7. Contact List of Potential Reviewers. It’s a good idea to build this list early as well. While it’s nice to have a few guaranteed good reviews by asking people who know your work already, these reviews often fail to come off as unbiased (frankly, I see a number of these come in at Boxcar and it’s usually clear who is a close personal friend of the poet doing this as a favor, and who is genuinely interested in the work). Build a list of journals which accept review copies as well as poets and critics who might be interested in reviewing the book. In terms of potential reviewers, try to pick people whose work you respect and find an affinity with — hopefully they will sense a common ground in your work as well. With respect to journals, it’s helpful to send out review copies to a variety of places: east and west coast, big-name and smaller-name, places you’ve published and places you haven’t, etc. You will probably find that the journals where you’ve previously published will be the most interested in running a review of your book — it’s good PR for them as well (again with the “community” angle). We’ll talk a little more about reviews in another post.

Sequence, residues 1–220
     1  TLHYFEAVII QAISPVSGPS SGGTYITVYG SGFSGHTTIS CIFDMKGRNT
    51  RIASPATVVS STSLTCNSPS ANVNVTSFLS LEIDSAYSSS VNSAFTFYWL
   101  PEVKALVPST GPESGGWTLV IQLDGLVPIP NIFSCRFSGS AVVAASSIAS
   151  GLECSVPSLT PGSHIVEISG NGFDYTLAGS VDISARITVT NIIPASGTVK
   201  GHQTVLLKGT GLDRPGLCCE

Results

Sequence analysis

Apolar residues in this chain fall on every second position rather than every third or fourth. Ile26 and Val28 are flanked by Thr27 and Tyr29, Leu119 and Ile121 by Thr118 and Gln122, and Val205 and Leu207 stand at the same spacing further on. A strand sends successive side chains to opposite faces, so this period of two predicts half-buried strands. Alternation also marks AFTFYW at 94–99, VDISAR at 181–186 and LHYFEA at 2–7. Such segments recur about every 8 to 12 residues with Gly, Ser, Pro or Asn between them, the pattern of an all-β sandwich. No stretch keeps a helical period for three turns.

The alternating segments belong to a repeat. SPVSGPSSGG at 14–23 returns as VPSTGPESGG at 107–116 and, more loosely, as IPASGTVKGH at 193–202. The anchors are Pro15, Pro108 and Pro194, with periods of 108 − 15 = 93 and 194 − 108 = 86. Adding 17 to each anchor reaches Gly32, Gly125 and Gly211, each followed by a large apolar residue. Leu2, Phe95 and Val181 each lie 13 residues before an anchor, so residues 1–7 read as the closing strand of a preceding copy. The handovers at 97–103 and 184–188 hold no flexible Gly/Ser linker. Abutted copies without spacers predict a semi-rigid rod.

8. Contact List for Readings. Essentially, are there places which might be interested in having you come and read if they had a chance to read your book? Such venues might include universities, bookstores, reading series, book festivals, etc. You probably don’t need to send a review copy to the local coffee house reading, but you might send copies to places you’re interested in stopping at as part of a book tour.
  9. Book announcement postcard mailing list. As you do readings, get feedback from people via email, and otherwise make friends in the poetry world and beyond, be certain to ask if they would be interested in being contacted when your book comes out. Other people you might consider adding to your list: editors of publications you respect, writers you respect, in short anyone who you feel might have an interest in the book, but aren’t already planning to send review copies to. When your book comes out, your press most likely will print out a good number of postcards and send them to you to mail out to your list. You should also keep some as promotional material at readings for those people who might not be able to buy the book right away (people like free things — but books are not free).

Next up: Bios, Blurbs, and Reviews

One Response to “Making the Most of Your First Book: More Prelim Work”

  1. January Says:

    Hi Neil. It was nice meeting you with Joseph at AWP.

    As someone going through the same things with a first book (my book comes out in late ’09), this is a good list. I am doing much of the same planning with my publisher, as well as creating a marketing plan.

    Good luck with everything. And I look forward to your upcoming interview with Nic at Very Like a Whale.